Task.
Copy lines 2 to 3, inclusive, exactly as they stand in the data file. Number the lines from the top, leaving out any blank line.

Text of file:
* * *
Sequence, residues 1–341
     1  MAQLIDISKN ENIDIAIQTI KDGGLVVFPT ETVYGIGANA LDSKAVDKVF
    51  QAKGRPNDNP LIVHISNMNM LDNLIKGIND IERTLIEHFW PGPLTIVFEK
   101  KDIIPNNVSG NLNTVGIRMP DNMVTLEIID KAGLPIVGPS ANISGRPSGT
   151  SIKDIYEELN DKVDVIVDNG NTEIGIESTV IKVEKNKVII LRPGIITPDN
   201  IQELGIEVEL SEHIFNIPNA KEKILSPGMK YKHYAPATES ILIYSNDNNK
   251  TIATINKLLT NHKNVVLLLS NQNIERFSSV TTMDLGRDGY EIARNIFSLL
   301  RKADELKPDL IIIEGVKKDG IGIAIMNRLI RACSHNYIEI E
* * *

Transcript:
     1  MAQLIDISKN ENIDIAIQTI KDGGLVVFPT ETVYGIGANA LDSKAVDKVF
    51  QAKGRPNDNP LIVHISNMNM LDNLIKGIND IERTLIEHFW PGPLTIVFEK